If you read my last blog, you know I adored my time at Ol Malo, but the fun didn’t stop there. My husband and I spent the next week exploring in the Kicheche Valley and along Kenya’s coastal islands, Lamu and Manda.
Mara Naboisho Conservancy
From Ol Malo, we flew right to the Kicheche Valley in Mara Naboisho, a private conservancy that borders the Masai Mara. We love using private conservancies because they maximize privacy and give guests more freedom in their activities. Rather than always staying on designated roads, for instance, or game driving only in daylight hours, conservancies let you follow the wildlife wherever it leads, and stay out after dark to find nocturnal life by spotlight. Especially for heavily-touristed areas like the Masai Mara, conservancies limit the number of visitors and vehicles allowed, so you get a more intimate and “wild” experience that the national lands can always provide. Conservancies like Naboisho are also owned by the Maasai people who partner with the National Reserve. This means staying on a conservancy directly benefits local communities and conservation efforts, preserving lands and wildlife.
Over the years, game-viewing in Naboisho has steadily improved as animals become increasingly used to seeing humans and vehicles. During one of our game drives in the area we saw a mother lion with four young cubs. Watching her care for and tend to her cubs was such an amazing sighting! It doesn’t matter how many times I go on safari – it feels just as new and breathtaking every time I witness something like that.
Even though we had excellent predator sightings on game drives, one of my favorite parts about staying in Naboisho was actually getting out of the vehicle to explore the bush on foot. Walking in the African wilderness is a refreshing option for guests who get a little antsy in a vehicle, and it also lets you feel more deeply connected to nature. Instead of just seeing the plains and shrub from the car, you’re interacting with it by touch, sound, smell; you’re slowing down and focusing on all the minutia around you in the present. It’s a really special way to get to know Africa! Plus, you have more opportunity to bond with your guide and travel companions. Guides have more attention to devote to conversation, and it’s easy for talk to wander between the environment and wildlife, to personal lives, and traditions your guide may have grown up with in the Mara area.
After a week jam-packed with activities in the bush, David and I were definitely looking forward to seeing what Lamu and Manda Islands had to offer. People sometimes get skittish about visiting Kenya’s coast because of news stories over the years, but Lamu Island was an exceptional highlight for us, and really felt like a world unto itself; our only wish was that we could spend more time relaxing there!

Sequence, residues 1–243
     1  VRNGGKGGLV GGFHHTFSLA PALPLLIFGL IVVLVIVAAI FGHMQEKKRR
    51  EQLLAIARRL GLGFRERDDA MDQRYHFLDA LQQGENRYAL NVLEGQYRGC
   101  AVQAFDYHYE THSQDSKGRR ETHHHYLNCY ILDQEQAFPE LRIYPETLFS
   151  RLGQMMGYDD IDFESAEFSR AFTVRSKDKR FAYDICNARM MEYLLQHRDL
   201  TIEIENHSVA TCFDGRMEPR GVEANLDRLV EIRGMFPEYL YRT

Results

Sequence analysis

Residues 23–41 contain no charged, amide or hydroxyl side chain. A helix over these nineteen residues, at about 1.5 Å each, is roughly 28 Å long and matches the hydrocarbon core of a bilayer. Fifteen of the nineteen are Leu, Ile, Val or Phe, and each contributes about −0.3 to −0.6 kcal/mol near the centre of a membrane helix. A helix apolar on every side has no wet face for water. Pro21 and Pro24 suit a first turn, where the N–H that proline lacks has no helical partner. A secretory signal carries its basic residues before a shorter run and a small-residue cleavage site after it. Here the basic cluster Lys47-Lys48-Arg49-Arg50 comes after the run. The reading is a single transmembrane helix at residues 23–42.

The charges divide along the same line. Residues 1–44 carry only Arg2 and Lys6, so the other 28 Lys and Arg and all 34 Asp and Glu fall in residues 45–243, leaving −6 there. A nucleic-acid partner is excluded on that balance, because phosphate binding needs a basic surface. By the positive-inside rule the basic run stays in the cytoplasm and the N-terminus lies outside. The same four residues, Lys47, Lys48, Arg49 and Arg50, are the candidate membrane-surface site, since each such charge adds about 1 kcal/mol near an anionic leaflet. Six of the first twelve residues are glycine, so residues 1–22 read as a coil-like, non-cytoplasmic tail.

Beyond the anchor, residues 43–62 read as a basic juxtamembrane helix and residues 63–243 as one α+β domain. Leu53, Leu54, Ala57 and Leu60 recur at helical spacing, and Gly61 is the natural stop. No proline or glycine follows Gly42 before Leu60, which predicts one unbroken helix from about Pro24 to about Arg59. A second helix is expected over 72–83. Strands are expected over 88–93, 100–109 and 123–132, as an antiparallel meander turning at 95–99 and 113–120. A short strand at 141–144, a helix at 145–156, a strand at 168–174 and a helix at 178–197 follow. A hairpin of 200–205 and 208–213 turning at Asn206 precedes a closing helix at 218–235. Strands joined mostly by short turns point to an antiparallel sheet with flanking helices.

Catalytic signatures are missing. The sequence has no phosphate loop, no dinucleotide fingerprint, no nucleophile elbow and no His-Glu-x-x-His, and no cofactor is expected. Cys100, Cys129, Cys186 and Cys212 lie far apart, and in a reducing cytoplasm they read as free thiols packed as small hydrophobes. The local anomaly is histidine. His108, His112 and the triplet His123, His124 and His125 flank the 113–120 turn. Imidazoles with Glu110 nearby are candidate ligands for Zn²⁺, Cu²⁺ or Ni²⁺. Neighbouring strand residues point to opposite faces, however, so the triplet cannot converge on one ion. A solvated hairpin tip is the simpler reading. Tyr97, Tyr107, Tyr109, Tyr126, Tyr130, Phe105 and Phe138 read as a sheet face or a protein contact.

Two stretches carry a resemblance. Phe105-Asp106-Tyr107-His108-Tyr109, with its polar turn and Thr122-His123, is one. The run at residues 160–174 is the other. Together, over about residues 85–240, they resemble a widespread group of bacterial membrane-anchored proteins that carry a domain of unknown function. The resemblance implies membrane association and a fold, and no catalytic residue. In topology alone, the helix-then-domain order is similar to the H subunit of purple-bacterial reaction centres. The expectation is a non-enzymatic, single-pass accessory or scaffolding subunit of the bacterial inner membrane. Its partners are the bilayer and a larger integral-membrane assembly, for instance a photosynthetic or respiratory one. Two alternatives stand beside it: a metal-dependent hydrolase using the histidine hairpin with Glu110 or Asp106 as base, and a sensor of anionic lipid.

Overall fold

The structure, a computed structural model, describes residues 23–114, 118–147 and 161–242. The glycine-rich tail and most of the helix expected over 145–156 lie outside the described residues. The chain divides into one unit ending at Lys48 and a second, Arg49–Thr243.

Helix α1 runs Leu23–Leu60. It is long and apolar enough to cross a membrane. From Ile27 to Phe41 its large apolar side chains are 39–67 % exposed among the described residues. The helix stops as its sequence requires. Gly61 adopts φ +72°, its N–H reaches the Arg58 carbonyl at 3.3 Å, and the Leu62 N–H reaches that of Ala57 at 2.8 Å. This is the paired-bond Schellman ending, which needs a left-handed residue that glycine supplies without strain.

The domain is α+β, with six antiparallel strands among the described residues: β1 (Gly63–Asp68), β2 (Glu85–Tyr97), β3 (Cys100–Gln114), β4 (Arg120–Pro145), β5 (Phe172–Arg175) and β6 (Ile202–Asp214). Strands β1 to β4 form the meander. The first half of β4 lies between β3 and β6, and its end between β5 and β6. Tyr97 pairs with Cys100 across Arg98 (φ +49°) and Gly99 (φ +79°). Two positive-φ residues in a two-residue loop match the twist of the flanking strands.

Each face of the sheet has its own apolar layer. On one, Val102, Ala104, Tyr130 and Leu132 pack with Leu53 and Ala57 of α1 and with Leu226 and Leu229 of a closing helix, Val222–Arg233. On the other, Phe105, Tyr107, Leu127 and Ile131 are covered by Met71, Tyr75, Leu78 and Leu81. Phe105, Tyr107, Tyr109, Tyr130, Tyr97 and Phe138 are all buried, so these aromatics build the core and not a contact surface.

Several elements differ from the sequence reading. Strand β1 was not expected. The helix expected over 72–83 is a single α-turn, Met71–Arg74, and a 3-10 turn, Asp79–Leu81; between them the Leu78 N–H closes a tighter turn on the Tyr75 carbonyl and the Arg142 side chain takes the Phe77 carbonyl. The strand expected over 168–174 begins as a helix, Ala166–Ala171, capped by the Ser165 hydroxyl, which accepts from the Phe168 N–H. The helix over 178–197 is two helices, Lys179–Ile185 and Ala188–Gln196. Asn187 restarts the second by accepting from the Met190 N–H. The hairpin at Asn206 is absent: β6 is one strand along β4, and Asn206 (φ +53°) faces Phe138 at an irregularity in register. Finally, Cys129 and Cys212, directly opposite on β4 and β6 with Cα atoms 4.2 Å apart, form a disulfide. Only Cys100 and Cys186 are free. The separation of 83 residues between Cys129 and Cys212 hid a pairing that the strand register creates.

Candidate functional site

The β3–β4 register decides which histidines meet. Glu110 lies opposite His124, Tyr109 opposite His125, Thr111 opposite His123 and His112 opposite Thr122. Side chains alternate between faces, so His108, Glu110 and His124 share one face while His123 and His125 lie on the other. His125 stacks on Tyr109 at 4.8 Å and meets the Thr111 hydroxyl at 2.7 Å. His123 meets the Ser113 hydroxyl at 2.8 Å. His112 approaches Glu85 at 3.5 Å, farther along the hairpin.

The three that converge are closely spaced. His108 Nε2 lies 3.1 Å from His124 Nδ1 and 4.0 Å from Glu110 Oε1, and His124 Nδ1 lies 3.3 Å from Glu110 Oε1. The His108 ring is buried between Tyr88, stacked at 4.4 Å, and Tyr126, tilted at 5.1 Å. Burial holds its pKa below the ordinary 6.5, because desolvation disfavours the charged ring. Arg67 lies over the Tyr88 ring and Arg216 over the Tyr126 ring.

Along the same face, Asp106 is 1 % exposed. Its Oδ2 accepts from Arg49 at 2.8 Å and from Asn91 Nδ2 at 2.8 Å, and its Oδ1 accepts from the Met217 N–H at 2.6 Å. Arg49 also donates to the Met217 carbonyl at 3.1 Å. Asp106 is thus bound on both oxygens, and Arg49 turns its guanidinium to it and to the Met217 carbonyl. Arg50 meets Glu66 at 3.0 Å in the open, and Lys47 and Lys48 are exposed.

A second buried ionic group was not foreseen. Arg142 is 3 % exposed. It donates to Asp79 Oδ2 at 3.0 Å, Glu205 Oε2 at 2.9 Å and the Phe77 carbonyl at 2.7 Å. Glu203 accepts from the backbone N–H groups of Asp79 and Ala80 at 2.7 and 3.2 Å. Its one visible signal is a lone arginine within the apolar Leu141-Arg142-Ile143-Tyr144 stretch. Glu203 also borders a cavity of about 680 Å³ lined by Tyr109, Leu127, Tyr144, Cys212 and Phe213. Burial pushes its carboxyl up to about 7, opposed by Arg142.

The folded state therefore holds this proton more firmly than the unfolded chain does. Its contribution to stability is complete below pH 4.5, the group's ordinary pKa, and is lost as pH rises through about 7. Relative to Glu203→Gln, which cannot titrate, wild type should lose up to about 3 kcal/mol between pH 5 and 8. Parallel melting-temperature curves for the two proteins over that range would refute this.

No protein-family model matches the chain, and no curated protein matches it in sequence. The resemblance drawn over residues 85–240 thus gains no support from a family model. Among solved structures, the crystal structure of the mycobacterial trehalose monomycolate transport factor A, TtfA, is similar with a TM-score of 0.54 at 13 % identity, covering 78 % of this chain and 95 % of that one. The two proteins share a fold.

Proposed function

The town itself is an old Arab trade town with notable Eastern and African influences. You can feel the history of the island practically emanating from the labyrinthine streets, and abundance of private courtyards. While getting lost exploring on your own might sound dreamy, I recommend hiring a guide to show you the best of Lamu Town; there’s too much to see and learn about the rich heritage here that you would otherwise miss out on. Do note: women will need to keep shoulders and knees covered when out and about, so light scarves and skirts are a good choice.
A few miles from Lamu is Shela. With only 4,000 people living there, it’s significantly smaller than Lamu’s 20,000 population. Its size is part of its charm, though, and here you can really take advantage of exploring town solo. The expat community is thriving, which makes it easy for foreign travelers to feel at home. I loved stopping in at the cute shops dotting the town (you can even find yoga centers!), and getting to know Peponi, the heart of the island’s social scene. The bar and hotel have been a staple for decades, and make a perfect place to gather with friends in the town center and relax over some drinks in the sea-breeze.
Exploring Lamu and Manda was so special partially because you can really tailor your experience however you like. If you want to explore town, there’s plenty to see and learn. If you want to comb the beaches, you have miles of sandy stretches at your fingertips. If you want to fall off the map and go Robinson-Crusoe style, it’s easy to accomplish.
One of my favorite memories from our stay was heading out on the water for a sunset dhow voyage, which lasted about two hours. It felt like being lost in time: watching the sails unfurl, skimming past mangrove trees, seeing locals make boats or race them in the waters. You can’t help but feel like Lamu, or Manda (the next island over) simply aren’t interested in “keeping up” with the world, or trying to compete. These islands are their own unique experience, and it’s much easier to avoid the tourist crowds you can encounter in more popular destinations like Zanzibar.
While I visit Kenya frequently, this trip was really special to slow down and enjoy the magic of the country again without trying to see and do everything. It can be hard, especially for clients who haven’t been to Africa before, to take more time to deeply experience just a few locations rather than hopping from one location to the next every day or two. Africa is about getting out of time, staying open to surprises and letting yourself feel playful again – it’s a reminder I need sometimes as much as anyone!